“The natural healing force within each of us is the greatest force in getting well.”

Anxiety can affect us all, but when it becomes constant, more intense, and starts interfering with normal day-to-day activities, you may be suffering from an anxiety disorder. Natural therapies and counselling can help you overcome anxiety and regain control of your life and wellbeing.

Anxiety is a feeling of fear, worry and panic. It can also be used to describe a challenging or stressful but “non-dangerous event” for example, an exam, public speaking, a new career or even a date. It is a natural response to a fear that can be either perceived or real. It becomes a disorder when the fear becomes persistent and has a negative impact on your life, such as your ability to eat, sleep, concentrate, travel, enjoy life or even leave the house to go to work or school. This is a sign that it has surpassed normal fear and worry and becomes an anxiety disorder. It is important to seek treatment and not to suffer in silence.

There are different types of anxiety disorders, but the most common are:

Generalised anxiety disorder (GAD)—leaves people feeling anxious about a multitude of things rather than any one specific thing such as health, money, work, school, and relationships. While most of us worry or feel anxious at some point in our lives, those who experience generalised anxiety find it particularly difficult to control their worries, and the feelings of anxiety are persistent that they begin to affect their daily lives.

In fact, as soon as one anxious thought is resolved another appears. If you often feel a few of the following symptoms: a lack of control, anxious, restless, fatigue, irritability, muscle tension or sleep disturbances - you are likely to be may be diagnosed with GAD. Typically, these feelings are related to everyday tasks, such as stress at home or work, but other times you may not know why you are feeling anxious.

GAD is a common condition, estimated to affect up to 5% of the UK population. Slightly more women are affected than men, and the condition is more common in people from the ages of 35 to 59.

Phobias—A phobia is an overwhelming fear of something, place, situation, feeling, or animal (e.g. fear of animals, spiders, heights, flying, airplane, injection, going to the dentist).

Coming into close contact with the feared situation causes anxiety and, in some cases, even the thought of the phobia can trigger anxiety.

Panic disorder—If you experience seemingly unpredictable panic attacks, and are unable to identify a trigger, you may be diagnosed with panic disorder. Symptoms include shortness of breath, heart palpitations, feeling faint and trembling. More info

Obsessive compulsive disorder (OCD)—OCD comprises of obsessional thoughts followed by compulsive urges. The obsessions are recurring urges, thoughts or images that can cause you to feel anxious. Compulsions are the actions or thoughts that you feel the need to do or repeat. Compulsions are typically a response to ease the anxiety of an obsession. More info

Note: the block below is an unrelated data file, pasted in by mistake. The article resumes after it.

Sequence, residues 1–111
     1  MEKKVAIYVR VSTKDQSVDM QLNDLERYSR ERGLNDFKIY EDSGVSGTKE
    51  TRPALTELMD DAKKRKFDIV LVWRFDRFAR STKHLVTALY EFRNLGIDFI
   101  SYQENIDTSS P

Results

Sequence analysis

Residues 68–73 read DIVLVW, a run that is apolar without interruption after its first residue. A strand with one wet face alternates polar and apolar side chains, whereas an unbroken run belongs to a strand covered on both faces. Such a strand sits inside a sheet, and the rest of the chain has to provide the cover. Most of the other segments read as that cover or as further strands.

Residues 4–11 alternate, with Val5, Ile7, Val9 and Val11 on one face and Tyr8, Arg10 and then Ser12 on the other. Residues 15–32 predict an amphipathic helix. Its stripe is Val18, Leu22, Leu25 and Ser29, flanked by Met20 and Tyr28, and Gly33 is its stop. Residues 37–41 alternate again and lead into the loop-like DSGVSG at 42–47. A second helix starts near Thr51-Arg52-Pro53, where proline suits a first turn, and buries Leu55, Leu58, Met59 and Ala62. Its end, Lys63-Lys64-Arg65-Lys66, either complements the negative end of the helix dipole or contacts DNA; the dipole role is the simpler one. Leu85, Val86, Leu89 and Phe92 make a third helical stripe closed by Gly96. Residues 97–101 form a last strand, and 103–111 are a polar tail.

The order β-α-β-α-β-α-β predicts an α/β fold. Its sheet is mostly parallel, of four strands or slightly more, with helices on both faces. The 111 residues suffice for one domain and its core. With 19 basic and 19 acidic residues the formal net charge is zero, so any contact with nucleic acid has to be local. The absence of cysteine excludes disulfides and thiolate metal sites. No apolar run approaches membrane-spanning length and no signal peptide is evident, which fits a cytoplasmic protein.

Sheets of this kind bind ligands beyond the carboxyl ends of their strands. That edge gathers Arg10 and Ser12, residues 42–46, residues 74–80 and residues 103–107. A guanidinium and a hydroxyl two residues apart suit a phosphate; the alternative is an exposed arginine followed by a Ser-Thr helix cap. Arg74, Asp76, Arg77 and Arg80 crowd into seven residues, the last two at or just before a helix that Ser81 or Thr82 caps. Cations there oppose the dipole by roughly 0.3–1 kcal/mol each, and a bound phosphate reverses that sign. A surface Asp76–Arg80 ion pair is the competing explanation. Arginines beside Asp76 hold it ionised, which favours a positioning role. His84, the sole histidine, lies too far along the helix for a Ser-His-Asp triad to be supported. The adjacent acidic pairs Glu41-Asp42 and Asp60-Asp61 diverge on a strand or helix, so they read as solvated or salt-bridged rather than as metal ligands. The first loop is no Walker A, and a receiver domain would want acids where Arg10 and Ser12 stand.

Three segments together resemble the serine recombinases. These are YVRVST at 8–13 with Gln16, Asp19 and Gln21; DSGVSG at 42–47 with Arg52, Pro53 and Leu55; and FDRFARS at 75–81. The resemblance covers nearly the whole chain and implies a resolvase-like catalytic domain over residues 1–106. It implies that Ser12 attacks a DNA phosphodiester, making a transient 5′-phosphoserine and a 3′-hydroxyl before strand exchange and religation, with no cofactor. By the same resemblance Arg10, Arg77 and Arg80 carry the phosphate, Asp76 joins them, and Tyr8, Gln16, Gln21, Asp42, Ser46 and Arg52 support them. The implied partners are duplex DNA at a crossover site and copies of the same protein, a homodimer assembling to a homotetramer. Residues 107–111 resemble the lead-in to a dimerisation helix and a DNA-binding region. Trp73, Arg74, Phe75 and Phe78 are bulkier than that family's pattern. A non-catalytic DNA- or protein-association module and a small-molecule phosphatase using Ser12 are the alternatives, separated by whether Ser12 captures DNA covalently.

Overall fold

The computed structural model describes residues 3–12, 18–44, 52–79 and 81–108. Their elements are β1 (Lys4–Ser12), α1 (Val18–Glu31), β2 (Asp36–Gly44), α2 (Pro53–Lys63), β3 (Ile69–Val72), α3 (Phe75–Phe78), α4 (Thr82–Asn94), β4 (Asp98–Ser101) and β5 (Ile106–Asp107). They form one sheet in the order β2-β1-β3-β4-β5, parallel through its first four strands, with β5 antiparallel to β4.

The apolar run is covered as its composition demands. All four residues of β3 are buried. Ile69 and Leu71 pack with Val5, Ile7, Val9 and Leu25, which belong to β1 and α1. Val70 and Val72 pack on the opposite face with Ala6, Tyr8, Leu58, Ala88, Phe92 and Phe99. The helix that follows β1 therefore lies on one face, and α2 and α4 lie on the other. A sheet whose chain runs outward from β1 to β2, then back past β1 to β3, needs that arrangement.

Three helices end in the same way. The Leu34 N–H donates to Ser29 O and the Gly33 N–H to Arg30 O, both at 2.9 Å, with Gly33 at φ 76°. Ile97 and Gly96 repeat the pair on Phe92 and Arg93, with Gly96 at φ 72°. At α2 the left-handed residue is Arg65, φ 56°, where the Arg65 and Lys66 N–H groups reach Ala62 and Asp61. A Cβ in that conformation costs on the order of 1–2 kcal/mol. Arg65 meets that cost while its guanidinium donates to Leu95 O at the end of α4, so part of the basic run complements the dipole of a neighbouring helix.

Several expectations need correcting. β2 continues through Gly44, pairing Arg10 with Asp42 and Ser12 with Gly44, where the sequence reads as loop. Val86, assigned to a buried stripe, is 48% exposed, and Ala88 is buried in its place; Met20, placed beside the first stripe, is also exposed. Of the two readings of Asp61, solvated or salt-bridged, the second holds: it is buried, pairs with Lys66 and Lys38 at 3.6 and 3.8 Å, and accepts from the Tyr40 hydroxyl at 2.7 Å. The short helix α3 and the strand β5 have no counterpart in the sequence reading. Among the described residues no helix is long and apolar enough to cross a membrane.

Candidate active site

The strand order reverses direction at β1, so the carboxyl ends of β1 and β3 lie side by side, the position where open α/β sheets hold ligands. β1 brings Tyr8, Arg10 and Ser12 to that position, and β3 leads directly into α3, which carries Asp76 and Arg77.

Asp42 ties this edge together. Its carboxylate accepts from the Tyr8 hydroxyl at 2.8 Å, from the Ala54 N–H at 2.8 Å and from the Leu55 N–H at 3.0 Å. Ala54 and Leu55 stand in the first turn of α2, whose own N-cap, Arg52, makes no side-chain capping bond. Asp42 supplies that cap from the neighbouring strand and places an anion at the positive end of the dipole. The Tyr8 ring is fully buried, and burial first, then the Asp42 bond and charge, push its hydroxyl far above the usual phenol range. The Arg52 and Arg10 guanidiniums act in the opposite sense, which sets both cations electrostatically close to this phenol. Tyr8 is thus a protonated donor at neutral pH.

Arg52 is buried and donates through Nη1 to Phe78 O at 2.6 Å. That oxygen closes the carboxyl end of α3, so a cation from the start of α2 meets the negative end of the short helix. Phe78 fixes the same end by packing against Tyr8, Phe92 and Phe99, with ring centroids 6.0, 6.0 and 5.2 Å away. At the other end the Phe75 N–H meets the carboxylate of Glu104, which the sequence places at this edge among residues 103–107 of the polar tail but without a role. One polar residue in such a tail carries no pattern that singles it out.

Post-traumatic stress disorder (PTSD)—After experiencing or witnessing a traumatic event, and are experiencing flashbacks or nightmares, you may be diagnosed with PTSD. These reactions can make you feel like you’re reliving the fear and anxiety repeatedly. More info

Anxiety is a problem that can get worse if the stresses continue to build up. People may feel ashamed to ask for help or believe that it’s not that big a problem and try to deal with it alone. If you are experiencing symptoms it is important to consult a health professional.

Anxiety incorporates both the emotional and physical sensations we experience when worried or nervous. Anxiety is related to the ‘fight or flight’ response and while unpleasant this is a normal reaction when our body perceives a threat.

When faced with what “feels” like a threat, our nervous system goes into automatic hyper-alert and generates a boost of adrenaline that increases the heart rate and the amount of oxygen going to our limbs, so we are better able to respond to the perceived “danger”. The “butterflies in the stomach” feeling that many associate with anxiety is this mechanism kicking in when we are nervous.

There are common symptoms of anxiety that people experience in terms of physiological, behavioural, and psychological.

Physiological signs can cause a significant amount of distress especially when they increase in intensity, duration, and frequency. On a behavioural level, anxiety can sabotage your ability to act, express yourself, and deal with everyday situations. While psychologically you may feel apprehension, nervousness, and a deep sense of unease.

The most common physical symptoms of anxiety:

  • Increased heart rate, palpitations, hot flushes, excessive perspiration, dry mouth
  • “Jelly legs”, tingling in the hands and feet, Increased muscle tension, shaking, feeling sick
  • Breathing issues – hyperventilation (over breathing), dizziness or difficulty breathing
  • Problems sleeping
  • Wanting to use the toilet frequently
  • Tight band across the chest area, tension headaches

The most common psychological symptoms (the thoughts or altered perceptions we have) of anxiety are thinking or feeling:

  • That you may lose control and/or go “mad”
  • That you may have a heart attack/be sick/faint/have a brain tumour
  • Increased worry before sleep or during the night
  • That people are looking at you and observing your anxiety
  • Detached from your environment and the people in it, wanting to escape from the situation
  • On edge and alert to everything around you

The most common behavioural symptoms (the things we do when we are anxious):

Avoidance—although avoiding an anxiety provoking situation produces immediate relief from the anxiety, it is only a short-term solution. In addition if you always respond with avoidance you never get to find out whether your fear about the situation and what would happen is accurate.

Isolation—as overwhelm increases, and anxiety become more intense, withdrawal tends to happen as it can be hard to put on a front or engage in ordinary social situations, particularly those where we cannot be authentic.

Adapt lifestyle—to mask, numb or adapt to anxiety some people will increase alcohol consumption, drugs, comfort eating and when anxiety becomes more severe, the use of prescribed medical drugs which can become highly addictive themselves.

Anxiety disorders can be attributed to a number of factors: